Adobe AIR for an offline application: is this the best option?
I'm looking to develop an offline version of an application that still needs to connect to the live site to retrieve the information and store results.
The application is for an online course system, that now needs to work when an internet connection is either unavailable or flaky. The system currently tracks each page viewed of the course (with flash and video content) and then also displays and tracks the taking of multiple choice exams. This all needs to be provided offline. I'm thinking that the program will connect through the users account at the start to download either a portion or all of the course, including exams and then at the end connect again to upload the results. (It'd be cool if it could do the process automatically when a connection is available.) The application needs to look similar to the online version and needs to be easy to use (easy install, little user input required for upload/download of results).
I have done a bit of research and it looks like Adobe AIR might be a good middle ground between the online version and an offline version.
My biggest issue is that I don't have experience developing desktop applications as I am a PHP developer, so I'm looking for something like AIR that bridges the gap. (The online version is a LAMP application.)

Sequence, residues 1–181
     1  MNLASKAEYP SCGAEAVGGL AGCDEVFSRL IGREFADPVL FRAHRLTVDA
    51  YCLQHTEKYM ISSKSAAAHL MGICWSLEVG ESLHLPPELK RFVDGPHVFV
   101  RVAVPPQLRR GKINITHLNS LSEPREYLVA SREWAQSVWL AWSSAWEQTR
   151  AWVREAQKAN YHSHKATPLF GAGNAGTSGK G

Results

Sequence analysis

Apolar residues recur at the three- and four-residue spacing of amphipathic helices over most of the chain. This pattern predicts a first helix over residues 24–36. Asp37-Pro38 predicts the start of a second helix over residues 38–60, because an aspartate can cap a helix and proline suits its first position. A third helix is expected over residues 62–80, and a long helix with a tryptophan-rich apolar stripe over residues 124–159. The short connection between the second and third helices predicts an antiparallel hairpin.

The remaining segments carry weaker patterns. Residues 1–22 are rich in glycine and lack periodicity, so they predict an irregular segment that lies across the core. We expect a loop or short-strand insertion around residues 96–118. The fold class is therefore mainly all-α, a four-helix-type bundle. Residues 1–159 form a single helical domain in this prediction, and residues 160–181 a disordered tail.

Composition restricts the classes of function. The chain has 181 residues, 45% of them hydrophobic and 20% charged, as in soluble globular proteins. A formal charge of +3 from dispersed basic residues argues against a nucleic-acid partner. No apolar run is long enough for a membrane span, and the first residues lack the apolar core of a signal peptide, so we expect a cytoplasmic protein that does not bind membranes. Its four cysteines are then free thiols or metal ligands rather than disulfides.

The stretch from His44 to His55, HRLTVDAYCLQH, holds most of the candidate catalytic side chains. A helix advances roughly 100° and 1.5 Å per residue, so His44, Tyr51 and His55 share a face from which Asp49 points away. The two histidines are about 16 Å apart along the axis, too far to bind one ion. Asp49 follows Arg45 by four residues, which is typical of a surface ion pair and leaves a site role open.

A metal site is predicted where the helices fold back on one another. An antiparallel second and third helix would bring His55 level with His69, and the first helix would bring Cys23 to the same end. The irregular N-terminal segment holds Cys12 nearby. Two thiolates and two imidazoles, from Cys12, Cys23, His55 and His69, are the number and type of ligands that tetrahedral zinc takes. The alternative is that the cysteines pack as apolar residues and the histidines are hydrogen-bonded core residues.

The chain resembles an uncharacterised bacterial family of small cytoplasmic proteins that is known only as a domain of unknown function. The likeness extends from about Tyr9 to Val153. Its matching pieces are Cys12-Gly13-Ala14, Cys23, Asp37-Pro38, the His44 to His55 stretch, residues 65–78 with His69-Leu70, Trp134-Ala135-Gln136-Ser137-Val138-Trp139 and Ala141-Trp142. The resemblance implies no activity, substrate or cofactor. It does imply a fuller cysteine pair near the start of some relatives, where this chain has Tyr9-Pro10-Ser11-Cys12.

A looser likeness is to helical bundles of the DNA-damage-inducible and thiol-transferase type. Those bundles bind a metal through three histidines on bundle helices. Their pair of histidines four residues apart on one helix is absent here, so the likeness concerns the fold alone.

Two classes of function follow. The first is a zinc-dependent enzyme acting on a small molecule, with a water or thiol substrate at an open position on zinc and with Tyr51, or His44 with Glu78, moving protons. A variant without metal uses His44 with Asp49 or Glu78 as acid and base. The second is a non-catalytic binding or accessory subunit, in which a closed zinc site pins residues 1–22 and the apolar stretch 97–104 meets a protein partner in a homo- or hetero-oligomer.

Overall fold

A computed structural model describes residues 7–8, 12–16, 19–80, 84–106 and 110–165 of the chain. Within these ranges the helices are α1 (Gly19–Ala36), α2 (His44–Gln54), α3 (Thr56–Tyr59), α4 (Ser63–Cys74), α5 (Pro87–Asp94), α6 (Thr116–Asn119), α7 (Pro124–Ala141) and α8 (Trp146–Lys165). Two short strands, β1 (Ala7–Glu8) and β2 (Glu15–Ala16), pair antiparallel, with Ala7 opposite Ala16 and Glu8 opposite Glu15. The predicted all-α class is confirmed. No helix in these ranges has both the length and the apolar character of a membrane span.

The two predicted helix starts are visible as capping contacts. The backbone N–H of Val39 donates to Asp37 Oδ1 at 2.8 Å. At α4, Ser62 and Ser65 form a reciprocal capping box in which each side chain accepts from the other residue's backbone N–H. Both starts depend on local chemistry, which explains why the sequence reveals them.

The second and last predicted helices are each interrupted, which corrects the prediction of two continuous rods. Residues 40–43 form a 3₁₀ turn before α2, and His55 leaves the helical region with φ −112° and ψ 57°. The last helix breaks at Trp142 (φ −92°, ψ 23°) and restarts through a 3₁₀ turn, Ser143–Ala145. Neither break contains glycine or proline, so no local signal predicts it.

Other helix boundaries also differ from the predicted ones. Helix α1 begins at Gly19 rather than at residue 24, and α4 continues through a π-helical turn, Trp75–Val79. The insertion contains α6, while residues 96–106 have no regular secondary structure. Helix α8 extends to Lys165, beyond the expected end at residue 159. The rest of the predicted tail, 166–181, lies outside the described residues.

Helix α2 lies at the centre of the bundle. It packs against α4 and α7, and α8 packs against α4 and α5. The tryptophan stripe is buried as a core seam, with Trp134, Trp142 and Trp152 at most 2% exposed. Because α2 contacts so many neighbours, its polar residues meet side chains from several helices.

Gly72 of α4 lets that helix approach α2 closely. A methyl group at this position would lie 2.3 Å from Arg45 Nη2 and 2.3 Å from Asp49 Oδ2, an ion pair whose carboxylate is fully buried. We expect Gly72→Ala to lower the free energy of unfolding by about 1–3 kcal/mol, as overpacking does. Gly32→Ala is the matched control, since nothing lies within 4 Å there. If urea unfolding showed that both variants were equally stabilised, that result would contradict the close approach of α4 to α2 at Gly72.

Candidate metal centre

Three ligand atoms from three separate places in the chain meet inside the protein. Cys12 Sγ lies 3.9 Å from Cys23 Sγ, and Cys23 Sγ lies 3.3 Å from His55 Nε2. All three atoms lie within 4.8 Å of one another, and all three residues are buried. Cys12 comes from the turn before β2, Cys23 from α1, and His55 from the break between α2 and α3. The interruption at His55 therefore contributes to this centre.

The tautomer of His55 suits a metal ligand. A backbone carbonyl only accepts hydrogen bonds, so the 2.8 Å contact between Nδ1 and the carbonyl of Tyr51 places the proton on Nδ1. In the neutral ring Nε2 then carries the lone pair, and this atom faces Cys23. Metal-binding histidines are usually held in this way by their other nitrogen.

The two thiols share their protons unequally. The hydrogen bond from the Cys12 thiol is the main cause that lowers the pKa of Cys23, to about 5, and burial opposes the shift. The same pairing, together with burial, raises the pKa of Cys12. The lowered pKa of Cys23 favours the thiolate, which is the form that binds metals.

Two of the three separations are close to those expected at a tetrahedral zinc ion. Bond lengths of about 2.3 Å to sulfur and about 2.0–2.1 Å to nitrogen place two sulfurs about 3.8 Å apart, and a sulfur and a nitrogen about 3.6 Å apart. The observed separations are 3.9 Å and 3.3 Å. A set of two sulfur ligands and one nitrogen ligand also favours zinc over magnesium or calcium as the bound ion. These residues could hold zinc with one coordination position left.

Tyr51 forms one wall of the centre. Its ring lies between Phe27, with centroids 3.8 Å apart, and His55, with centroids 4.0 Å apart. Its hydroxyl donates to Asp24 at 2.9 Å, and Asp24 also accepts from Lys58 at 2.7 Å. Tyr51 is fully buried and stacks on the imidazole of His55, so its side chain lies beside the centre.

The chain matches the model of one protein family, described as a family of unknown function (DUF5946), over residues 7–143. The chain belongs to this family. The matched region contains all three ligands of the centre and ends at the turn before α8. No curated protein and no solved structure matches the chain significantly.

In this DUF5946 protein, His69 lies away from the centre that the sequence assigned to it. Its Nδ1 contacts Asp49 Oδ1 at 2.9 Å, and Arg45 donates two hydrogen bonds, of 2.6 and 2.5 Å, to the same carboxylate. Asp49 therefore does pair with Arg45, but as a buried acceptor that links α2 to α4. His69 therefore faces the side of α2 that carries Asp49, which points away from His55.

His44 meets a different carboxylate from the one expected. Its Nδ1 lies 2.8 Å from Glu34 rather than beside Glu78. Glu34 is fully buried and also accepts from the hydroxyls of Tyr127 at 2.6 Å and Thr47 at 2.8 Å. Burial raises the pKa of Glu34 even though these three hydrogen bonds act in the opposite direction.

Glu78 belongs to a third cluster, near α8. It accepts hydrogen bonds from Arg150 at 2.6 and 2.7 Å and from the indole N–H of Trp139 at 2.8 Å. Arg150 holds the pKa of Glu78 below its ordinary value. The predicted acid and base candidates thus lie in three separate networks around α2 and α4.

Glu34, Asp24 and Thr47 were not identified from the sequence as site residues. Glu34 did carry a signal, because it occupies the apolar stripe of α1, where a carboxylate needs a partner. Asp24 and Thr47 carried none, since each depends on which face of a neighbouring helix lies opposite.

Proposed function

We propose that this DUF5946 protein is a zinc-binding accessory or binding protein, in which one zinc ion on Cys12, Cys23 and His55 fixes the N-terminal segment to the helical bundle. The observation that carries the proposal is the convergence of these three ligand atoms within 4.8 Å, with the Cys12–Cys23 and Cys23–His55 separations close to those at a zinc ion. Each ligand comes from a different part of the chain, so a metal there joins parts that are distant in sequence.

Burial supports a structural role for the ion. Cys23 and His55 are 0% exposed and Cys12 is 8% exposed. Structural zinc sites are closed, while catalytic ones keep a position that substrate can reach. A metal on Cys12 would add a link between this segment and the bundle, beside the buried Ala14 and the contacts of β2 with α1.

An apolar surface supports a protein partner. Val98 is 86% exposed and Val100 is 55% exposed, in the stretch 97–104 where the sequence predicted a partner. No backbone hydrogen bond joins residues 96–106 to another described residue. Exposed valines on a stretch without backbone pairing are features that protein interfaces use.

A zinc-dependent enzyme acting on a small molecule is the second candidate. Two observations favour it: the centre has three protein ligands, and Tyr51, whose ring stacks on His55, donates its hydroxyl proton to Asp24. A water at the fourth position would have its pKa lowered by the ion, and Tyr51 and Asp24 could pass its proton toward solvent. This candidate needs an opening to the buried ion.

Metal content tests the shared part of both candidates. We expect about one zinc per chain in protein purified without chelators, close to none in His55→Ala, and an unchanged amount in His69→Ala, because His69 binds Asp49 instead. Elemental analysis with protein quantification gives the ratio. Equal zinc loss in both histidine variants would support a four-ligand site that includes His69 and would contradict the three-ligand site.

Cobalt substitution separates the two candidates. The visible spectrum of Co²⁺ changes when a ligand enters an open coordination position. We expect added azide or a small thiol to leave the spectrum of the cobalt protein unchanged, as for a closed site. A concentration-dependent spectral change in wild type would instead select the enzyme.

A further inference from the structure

Has anyone used Adobe AIR for this type of offline application? How easy and secure was it?
Are there other solutions out there?
I think AIR is a great choice for this. I use AIR all the time now for in house utilities I write.
The built-in database and persistent store are great.
From your description, it sounds like Google Gears is a little closer to what you're looking for.
Adobe AIR is a great solution for this. We are building something similar. But we are facing problems in resuming downloads if the download process gets broken.
While you're at it, glance over the features in HTML5. Although it's still in its infancy, many browsers have already implemented quite a bit of these features, including those for offline web applications. Read about using html5 in your web apps now.